How to Repot a Plant? What Should Be Considered When Repotting a Plant?

woman repotting plant

We get help from plants to beautify our living spaces in the most natural way and to create a peaceful atmosphere. Of course, for the plants to grow healthily, it is imperative not to neglect their care. In addition to paying attention to issues such as irrigation, soil selection, and placing the plant in the correct location, it is also necessary to repot when necessary. So, how to repot the flower, what are the tips for changing the pot?

Why Repot and Replace Potting Soil Done?

The plant grows over time, both its roots wrap around the pot and its stem may not fit in the pot. For these reasons, when the plant grows, it may be necessary to repot to provide a more comfortable living space.

Apart from this, the soil inside the pot may lose the nutritional value that the plant needs over time. For the plants to continue their healthy development, soil and pot changes should be made regularly.

You may also want to replace your plant with a stylish flower pot that can further add to your home decor. In other words, your reason for changing the pot may be decorative reasons and the plant’s needs. But at this point, let’s remind you that you should be careful not to repots at frequent intervals – more than 1 per year – in order not to damage the plant.

When You Should Repot?

The most suitable period for repotting the plant is considered to be the spring months when the plants come out of hibernation and continue to grow actively. So, at what intervals should repot house plants?

Actually, there is no clear answer to this question. However, we can say that it is beneficial to change the pot every year for young plants and or at most every two years for other plants. In this way, your plants can have soil with an efficiency that can meet their needs and a new home where they can grow easily and be protected from some plant diseases.

Apart from that, your plant can show in different ways that it needs a pot and soil change. We can list these symptoms as follows:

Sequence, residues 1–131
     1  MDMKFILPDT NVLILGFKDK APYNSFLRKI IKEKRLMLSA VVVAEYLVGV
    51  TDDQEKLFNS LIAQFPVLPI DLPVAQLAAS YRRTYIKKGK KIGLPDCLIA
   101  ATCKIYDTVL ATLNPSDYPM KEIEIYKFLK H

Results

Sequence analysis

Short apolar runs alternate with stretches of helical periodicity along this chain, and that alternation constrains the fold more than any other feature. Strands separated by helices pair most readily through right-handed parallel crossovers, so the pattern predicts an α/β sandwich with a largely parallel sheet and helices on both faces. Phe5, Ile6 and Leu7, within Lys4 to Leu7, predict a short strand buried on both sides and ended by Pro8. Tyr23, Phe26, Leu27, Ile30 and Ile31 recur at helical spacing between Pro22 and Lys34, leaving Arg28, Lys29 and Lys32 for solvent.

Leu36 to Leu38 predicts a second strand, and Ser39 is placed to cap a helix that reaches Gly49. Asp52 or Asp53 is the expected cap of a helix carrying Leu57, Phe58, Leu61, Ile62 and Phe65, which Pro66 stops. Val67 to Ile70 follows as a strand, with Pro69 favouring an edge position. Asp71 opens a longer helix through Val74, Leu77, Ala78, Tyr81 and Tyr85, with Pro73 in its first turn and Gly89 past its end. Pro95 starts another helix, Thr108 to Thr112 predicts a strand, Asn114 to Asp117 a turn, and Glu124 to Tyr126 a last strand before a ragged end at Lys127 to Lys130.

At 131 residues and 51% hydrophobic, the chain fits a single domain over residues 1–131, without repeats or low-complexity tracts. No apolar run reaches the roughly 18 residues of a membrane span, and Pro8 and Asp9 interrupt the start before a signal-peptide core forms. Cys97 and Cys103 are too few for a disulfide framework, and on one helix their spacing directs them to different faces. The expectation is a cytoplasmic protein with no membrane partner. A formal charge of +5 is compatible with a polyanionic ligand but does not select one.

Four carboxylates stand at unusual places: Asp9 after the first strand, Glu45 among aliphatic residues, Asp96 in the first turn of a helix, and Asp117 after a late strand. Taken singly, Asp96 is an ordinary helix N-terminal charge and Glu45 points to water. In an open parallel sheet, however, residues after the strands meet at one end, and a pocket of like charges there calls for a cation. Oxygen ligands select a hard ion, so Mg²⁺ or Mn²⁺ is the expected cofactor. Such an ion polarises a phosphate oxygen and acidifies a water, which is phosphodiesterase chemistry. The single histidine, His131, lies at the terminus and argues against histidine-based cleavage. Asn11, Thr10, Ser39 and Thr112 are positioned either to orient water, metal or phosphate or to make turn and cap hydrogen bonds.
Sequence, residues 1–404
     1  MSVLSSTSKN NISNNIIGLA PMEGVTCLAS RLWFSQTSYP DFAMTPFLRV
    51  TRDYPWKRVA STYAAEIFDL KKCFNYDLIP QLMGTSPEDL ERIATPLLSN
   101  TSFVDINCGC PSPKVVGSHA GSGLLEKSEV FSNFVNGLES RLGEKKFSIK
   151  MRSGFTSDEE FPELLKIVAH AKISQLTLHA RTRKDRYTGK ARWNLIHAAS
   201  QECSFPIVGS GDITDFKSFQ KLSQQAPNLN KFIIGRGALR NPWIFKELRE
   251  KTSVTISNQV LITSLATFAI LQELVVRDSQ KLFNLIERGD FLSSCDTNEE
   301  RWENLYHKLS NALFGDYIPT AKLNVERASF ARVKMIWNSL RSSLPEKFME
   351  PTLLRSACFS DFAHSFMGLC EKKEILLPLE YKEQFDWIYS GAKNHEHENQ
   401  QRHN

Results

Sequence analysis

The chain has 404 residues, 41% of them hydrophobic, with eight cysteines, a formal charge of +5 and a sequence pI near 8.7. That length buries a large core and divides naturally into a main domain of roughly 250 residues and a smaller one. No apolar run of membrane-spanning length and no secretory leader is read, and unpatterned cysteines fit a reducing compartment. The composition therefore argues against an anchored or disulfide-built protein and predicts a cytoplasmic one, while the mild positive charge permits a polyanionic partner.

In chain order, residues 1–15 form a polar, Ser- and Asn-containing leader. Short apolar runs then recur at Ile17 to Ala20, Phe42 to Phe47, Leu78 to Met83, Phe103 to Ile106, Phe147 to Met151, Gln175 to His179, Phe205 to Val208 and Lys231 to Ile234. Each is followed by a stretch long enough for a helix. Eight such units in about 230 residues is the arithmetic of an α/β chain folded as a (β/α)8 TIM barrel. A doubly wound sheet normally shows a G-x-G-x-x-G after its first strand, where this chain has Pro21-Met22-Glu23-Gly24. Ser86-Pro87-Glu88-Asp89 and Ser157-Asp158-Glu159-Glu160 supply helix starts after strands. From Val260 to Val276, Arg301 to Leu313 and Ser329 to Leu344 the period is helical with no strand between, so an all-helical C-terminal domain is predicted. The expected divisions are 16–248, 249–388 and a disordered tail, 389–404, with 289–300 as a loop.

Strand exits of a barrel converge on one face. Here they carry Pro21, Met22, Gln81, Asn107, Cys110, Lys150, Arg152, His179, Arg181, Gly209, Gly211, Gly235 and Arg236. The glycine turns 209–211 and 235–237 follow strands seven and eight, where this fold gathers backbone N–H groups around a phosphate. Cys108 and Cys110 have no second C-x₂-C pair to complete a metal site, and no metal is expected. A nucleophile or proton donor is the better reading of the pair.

Viewing roots through the soil surface or drainage hole.
The plant grows slower than it should be, in all seasons.
The body of the plant is heavy and the pot is easily overturned.
Increased irrigation frequency, drying in the plant and soil.

What Should Be Considered Before Changing The Flowerpot?

For a correct application, it is necessary to prepare before changing the pot. The preparations you need to do and the points you need to pay attention to before changing the pot are as follows:

First of all, it is necessary to obtain the necessary materials for repotting. A pot one or two times larger than the pot you use, soil suitable for your plant’s nutritional needs, pebbles to provide drainage, gloves, small scissors for pruning, and an old cover to prevent contamination of the area will be enough for you to perform this process.

If the pot in which you plant your plant is an old one, you should not neglect to clean the pot thoroughly. Otherwise, the residues in the pot may cause your plant to get sick.

Be careful not to water your plant on the day of repotting and to water your plant at least 2 days before.

How to Repot a Plant? What Should Be Considered When Repotting?

Repotting and replacing potting soil of your plants is important, but how you make this change in order not to damage your plants is also important. Don’t worry. We begin to explain the things to pay attention to when repotting flowers and the steps you need to follow while repotting.

  1. Take all the necessary materials with you and start by laying a cover on the floor.
  2. Take the stem of the plant that you will repot and replace soil from between your index finger and middle finger and turn it over, gently pull it out to remove it from the pot. If you wish, you can tap the sides of the pot and let the soil move so that the plant can be removed more easily. At this stage, take care to apply without damaging the roots of the plant.
  3. Separate the excess soil from the roots of the plant by crumbling the soil in your plant that you took out of the pot.
  4. Prune if there are roots (not exceeding 1/3 of the root) or sick roots that have spilled out of the soil.
  5. If the new pot is not drained, pour pebbles at the bottom of the pot and provide drainage to remove excess water from the plant’s roots.
  6. Sprinkle the bottom of the pot with new soil until the ground is not visible.
  7. Then position your plant in the center of the pot and fill the sides with soil and press it gently into the soil.
  8. Cut if the plant has yellowed leaves.
  9. Finally, give the plant its first water in its new pot.
  10. That’s it!

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